A second set of teeth 170 on cluster gear 168 mesh with teeth 172 of intermediary gear 173 which is fixed to a sleeve 175. Sleeve 175 rotates on shaft 160 and extends past bearing 161 to fixedly engage to final drive pinion gear 177, and where final pinion 177 meshes with ring gear 179 formed as part of the cage assembly of the differential 34.

In operation, rotation of driven wheel 50 of the friction drive 26 is transmitted through gears 164, 168, 173, 177 to ring gear 179 of differential 34 from where is passes to half-shafts 36, 37 in manner already described in the first embodiment.

In the transaxle of FIG. 9 for a pedestrian walk-behind mower, three sets of spur gear are used to connect driven wheel 50 of the friction drive unit 26 to an output axle shaft 181, where no differential action between the drive wheels is required.

In this example, a final drive gear 180 is used in place of the ring gear 179 of the previous embodiment, and is fixed to an output axle shaft 181 by splines 182.

Axle output shaft 181 is supported by bearings 183, 184 and protrudes through the housing to support drive wheels 6.

Alternatively, final drive gear 180 may only be fixed to one output axle shaft to drive a single wheel, and where the other axle shaft supports a wheel which is allowed to free-wheel.

It is to be understood that while we have illustrated and described various embodiments for the invention, it is not to be limited to the specific form or arrangement of parts herein described and shown except insofar as such limitations are included in the claims.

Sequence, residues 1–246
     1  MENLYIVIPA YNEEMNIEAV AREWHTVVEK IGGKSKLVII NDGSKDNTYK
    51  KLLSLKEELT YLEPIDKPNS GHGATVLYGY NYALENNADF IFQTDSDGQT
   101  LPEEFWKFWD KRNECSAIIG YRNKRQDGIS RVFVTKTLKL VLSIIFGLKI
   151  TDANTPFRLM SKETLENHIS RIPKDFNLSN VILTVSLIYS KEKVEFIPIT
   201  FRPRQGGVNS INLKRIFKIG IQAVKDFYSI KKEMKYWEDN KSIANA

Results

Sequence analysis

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Referenced by
Citing PatentFiling datePublication dateApplicantTitle
US5617764 *Nov 1, 1994Apr 8, 1997Honda Giken Kogyo Kabushiki KaishaDrive device for power working vehicle
US6354978Oct 26, 1999Mar 12, 2002Simplicity Manufacturing, Inc.Differential and method for variable traction control
US8109175 *Jun 20, 2008Feb 7, 2012France ReducteursTransmission between a drive element and wheels and vehicle comprising such a transmission
US8939861 *Oct 10, 2012Jan 27, 2015Kanzaki Kokyukoki Mfg. Co., Ltd.Transaxle
US20110297465 *Apr 8, 2011Dec 8, 2011Huntley Paul NRetrofit Assembly for Self-Mobilization of a Transport Unit
US20130090205 *Oct 10, 2012Apr 11, 2013Fumitoshi IshinoTransaxle
DE19549804B4 *Nov 16, 1995Sep 3, 2009Rohs, Ulrich, Dr.-Ing.Variable speed drive with friction ring connecting opposed-conical rotors - has minimally-sized actuator to cant ring either way, causing axial displacement to increase or decrease ratio automatically, optionally in assembly with torque converter, epicyclic reversing gear and brake band
EP2581254A1 *Oct 10, 2012Apr 17, 2013Kanzaki Kokyukoki Mfg. Co., Ltd.Transaxle
Classifications
U.S. Classification475/206, 74/606.00R, 475/214, 192/216
International ClassificationF16H15/10
Cooperative ClassificationF16H15/10
European ClassificationF16H15/10